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Burnt City Mysterious Past Revealing One by One


02 January 2005


The Burnt City, located in the heart of Iran’s eastern desert and embracing hidden mysteries, attracts many archaeologists from across the globe every year.

The 5200-year-old Burnt City is located 57 kilometers from the city of Zabol in Iran’s Sistan and Baluchestan Province. It covers an area of 150 hectares and was one of the largest cities in the world at the dawn of the urban era.

The ruins of the ancient city include a graveyard, a residential area, a central “downtown”, and an industrial area.

Hungarian archaeologist Aurel Stein made the first discoveries in the region and introduced the ancient site to the world.

Later, a team of Italian archaeologists began an excavation project at the site in 1967, and the work has been continued by Iranian archaeologist Mansur Sajjadi since 1974.

Discoveries made in the region have shown that Sistan and particularly the Burnt City were long home to an advanced culture and civilization. Sistan is also believed to have been the meeting point of the great civilizations of Mesopotamia, India, and China in ancient times.

The Burnt City was built in 3200 B.C. and destroyed some time around 2100 B.C. The city had four stages of civilization and was burnt down three times. Since it was not rebuilt after the last time it was burnt down, it has been named the Burnt City.

Even before the excavations at the site, many archaeologists and historians were convinced that ancient cultural centers had been established in southwestern Iran.

But the new discoveries at the site shed light on the importance of the Burnt City and introduced it as one of the largest cities in the world at the time and a center of social, economic, and political affairs during the third and fourth millennia B.C.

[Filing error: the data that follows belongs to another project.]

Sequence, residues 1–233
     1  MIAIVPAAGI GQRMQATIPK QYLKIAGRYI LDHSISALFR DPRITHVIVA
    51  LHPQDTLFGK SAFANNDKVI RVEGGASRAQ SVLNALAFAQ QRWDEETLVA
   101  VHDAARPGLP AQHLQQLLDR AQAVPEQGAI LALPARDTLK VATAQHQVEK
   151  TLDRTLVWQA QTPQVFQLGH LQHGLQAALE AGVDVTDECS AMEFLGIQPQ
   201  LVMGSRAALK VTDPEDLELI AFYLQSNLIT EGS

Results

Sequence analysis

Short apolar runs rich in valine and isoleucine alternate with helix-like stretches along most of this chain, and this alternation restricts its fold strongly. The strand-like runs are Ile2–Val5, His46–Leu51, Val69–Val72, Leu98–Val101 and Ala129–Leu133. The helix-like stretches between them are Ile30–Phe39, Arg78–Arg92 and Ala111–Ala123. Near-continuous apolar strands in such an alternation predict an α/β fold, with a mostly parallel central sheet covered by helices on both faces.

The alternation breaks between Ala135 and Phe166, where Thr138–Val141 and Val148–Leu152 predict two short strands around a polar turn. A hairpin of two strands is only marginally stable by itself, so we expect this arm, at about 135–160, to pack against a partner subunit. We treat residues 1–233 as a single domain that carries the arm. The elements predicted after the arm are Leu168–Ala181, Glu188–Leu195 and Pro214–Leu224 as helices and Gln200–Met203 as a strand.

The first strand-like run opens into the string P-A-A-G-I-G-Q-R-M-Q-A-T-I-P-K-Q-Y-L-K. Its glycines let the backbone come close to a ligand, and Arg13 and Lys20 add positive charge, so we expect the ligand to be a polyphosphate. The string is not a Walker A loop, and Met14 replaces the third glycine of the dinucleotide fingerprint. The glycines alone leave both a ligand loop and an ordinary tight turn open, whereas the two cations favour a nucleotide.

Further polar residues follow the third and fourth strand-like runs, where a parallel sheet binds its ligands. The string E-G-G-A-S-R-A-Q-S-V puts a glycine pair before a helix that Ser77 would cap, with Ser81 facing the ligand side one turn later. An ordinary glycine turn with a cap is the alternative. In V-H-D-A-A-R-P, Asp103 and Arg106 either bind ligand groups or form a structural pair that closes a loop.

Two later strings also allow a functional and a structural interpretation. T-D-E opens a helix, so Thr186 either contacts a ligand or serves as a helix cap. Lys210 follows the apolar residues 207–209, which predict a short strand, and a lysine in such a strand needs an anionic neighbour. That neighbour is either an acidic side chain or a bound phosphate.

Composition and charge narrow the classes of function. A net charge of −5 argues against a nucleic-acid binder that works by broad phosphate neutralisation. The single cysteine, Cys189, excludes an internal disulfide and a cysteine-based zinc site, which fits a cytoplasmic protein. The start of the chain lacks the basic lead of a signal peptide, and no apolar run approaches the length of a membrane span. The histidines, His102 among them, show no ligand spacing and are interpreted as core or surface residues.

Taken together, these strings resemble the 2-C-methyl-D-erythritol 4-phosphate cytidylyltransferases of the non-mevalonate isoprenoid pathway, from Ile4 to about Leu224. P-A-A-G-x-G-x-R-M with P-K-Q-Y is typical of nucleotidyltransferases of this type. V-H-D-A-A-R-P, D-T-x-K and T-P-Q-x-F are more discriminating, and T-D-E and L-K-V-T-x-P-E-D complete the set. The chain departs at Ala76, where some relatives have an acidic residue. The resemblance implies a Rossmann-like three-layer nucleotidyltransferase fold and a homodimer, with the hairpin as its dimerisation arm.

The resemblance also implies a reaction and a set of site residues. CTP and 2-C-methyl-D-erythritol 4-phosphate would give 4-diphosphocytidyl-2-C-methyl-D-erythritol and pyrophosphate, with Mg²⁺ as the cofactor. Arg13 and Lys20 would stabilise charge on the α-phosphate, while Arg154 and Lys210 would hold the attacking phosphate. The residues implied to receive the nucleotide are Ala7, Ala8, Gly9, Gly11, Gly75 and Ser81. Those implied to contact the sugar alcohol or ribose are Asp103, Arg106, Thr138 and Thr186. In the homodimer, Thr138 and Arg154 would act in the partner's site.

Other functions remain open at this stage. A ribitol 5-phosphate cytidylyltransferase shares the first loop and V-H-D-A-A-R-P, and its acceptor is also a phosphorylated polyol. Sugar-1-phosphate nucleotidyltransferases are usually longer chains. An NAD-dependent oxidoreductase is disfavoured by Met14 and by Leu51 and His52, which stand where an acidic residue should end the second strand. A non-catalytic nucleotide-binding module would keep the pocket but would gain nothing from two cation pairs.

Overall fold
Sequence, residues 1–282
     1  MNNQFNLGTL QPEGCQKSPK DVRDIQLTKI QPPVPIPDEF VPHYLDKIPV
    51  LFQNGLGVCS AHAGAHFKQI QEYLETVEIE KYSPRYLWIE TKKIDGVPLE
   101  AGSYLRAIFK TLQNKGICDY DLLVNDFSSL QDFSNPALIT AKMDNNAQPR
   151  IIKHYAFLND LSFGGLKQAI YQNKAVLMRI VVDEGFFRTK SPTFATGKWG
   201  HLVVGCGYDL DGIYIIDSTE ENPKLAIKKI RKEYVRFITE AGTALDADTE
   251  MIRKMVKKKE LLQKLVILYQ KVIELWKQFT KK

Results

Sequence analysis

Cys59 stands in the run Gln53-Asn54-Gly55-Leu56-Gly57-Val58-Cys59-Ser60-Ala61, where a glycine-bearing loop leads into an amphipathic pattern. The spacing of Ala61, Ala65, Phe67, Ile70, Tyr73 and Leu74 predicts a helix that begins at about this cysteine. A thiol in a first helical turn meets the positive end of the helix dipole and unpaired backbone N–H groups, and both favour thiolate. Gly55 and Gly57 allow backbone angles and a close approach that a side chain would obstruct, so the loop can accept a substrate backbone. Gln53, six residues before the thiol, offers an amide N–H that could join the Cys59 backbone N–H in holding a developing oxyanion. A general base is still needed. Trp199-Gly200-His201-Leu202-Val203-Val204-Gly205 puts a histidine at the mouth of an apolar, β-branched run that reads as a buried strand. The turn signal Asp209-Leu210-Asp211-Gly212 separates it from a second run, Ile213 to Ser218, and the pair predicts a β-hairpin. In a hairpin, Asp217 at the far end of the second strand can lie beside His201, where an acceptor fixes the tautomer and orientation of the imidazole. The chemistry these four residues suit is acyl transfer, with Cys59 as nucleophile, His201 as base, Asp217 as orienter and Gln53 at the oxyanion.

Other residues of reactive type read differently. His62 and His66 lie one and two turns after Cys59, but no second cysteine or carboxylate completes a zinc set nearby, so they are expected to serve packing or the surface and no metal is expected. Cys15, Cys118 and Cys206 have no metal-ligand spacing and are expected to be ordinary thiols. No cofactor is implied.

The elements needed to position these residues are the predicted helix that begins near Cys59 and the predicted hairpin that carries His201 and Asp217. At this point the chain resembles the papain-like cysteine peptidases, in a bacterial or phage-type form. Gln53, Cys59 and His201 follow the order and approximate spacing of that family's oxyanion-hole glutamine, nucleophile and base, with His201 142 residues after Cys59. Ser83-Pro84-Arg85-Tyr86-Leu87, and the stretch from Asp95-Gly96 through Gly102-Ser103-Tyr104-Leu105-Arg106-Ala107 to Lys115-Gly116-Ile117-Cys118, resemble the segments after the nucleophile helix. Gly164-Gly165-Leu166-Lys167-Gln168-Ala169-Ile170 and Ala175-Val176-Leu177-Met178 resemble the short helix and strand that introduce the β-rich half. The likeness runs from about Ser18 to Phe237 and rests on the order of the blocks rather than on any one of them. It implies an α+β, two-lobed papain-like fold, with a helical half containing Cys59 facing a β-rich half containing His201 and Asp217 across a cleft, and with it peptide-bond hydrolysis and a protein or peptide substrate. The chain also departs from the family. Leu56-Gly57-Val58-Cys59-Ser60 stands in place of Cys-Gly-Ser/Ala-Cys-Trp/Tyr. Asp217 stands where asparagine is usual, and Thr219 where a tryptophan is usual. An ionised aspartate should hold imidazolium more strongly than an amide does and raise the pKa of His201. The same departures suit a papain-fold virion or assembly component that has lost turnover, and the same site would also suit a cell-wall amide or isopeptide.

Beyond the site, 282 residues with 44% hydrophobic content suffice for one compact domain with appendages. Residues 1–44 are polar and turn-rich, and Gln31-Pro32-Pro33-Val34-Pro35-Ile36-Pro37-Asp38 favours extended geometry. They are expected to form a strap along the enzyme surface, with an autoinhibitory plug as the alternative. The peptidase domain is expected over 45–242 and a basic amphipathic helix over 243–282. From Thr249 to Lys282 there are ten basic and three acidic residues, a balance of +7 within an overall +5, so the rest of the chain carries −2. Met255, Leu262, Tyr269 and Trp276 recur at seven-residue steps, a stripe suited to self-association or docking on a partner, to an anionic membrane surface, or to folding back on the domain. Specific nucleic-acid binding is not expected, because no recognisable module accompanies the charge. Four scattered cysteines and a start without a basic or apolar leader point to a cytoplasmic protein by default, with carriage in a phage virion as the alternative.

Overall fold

Natural events such as the changes in the course of the Hirmand River and the size of the lakes of the region played a major role in the development of the city and probably even caused its decline.

It is said that the inhabitants of the ancient site earned a livelihood through occupations such as hunting, carpentry, weaving, and making pottery.

The ruins of various industrial workshops in the city and surrounding villages also show that the city was an economic center in ancient times.

The discovery of necklaces made of gold and lapis lazuli and beautiful beads indicate that the Burnt City’s inhabitants possessed high technology for producing jewelry.

The materials for the jewelry were brought in from distant places such as Badakhshan in Afghanistan and Khorasan in northeastern Iran, and the finished products were later exported to other places such as Oman and the Persian Gulf islands.

A comb decorated with intarsia work found at the site proves that the art of intarsia was first developed on the Iranian plateau and not in China as was previously believed.

In addition, the discovery of the earliest evidence of brain surgery in history indicates the high level of civilization attained by the residents of the Burnt City.

Even now, over 4000 years since the city was last inhabited, shards and stone dishes are still being unearthed at the site.

The ancient dishes, earthenware, and various pieces of cloth, matting, and wood prove that the Burnt City was one of the most important commercial centers of the fourth millennium B.C.



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